EU will reportedly talk with Trump to reduce auto tariffs, GM rises

  • Citing two sources with knowledge of with the situation, Bloomberg said Juncker will likely convey to Trump the EU's willingness to lower auto tariffs between the two sides and other major car-exporting countries.
  • The report comes nearly a month after Trump threatened to raise tariffs to 20 percent from 2.5 percent on European cars coming into the U.S.
An employee prepares to install the hood on a sports utility vehicle at the General Motors assembly plant in Arlington, Texas.
Matthew Busch | Bloomberg | Getty Images
An employee prepares to install the hood on a sports utility vehicle at the General Motors assembly plant in Arlington, Texas.

U.S. President Donald Trump and European Commission President Jean-Claude Juncker will meet next week to discuss a possible reduction of auto tariffs for several key trade partners, Bloomberg News reported Tuesday. Shares of General Motors and other automakers rose on the report.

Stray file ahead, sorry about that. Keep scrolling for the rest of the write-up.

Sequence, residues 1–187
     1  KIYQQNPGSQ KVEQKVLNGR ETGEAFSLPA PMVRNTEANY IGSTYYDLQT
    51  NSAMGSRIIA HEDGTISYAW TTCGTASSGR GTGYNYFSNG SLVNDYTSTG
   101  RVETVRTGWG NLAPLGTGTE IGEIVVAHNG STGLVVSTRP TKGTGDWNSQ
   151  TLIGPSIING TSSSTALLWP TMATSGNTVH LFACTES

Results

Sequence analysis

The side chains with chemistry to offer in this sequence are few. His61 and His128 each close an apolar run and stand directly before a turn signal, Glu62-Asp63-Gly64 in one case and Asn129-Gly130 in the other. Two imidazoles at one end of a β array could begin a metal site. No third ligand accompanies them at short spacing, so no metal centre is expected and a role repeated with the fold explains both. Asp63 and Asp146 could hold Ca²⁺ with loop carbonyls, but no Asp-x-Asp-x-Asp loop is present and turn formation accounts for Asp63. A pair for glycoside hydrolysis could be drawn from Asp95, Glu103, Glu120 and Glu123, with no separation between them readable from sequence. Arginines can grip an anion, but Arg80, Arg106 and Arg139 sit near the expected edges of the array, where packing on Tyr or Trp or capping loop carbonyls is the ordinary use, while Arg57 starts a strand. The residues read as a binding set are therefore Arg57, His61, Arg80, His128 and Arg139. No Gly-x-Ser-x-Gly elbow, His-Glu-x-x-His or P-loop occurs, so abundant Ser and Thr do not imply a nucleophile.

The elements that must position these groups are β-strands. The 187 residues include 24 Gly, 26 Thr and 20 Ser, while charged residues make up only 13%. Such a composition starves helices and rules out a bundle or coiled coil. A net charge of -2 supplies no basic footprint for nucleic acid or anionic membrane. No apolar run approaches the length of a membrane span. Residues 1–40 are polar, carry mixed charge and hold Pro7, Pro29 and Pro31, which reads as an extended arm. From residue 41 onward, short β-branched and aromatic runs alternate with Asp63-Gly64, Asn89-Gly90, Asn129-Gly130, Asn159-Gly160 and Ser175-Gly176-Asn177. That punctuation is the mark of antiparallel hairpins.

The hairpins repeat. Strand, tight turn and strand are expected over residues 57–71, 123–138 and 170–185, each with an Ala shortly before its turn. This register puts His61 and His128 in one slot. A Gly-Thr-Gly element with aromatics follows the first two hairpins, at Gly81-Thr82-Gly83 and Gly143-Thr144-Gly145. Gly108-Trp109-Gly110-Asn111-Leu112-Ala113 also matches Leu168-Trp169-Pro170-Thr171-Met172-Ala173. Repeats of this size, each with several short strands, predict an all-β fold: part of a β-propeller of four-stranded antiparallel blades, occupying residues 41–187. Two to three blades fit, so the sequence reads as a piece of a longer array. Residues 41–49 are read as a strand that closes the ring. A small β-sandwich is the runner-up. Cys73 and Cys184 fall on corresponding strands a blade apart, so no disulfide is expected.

Citing two sources with knowledge of with the situation, Bloomberg said Juncker will likely convey to Trump the European Union's willingness to lower auto tariffs between the two sides and other major car-exporting countries.

The report comes nearly a month after Trump threatened to raise tariffs to 20 percent from 2.5 percent on European cars coming into the U.S. The U.S. has already slapped tariffs on EU steel and aluminum imports.

CNBC reached out to the White House for comment, but they did not respond immediately. The European Commission did not respond to a request for comment, either.

General Motors jumped to trade as much as 2.4 percent higher, before holding up 1.5 percent. Shares of Fiat Chrysler and Ferrari both rose to trade more than 1 percent higher.

The Trump administration has taken a more protectionist stance on trade recently, recently slapping tariffs on $34 billion in Chinese imports. Last week, the administration said it was looking into additional tariffs on $200 billion in goods from China.

Click here to read Bloomberg's full report.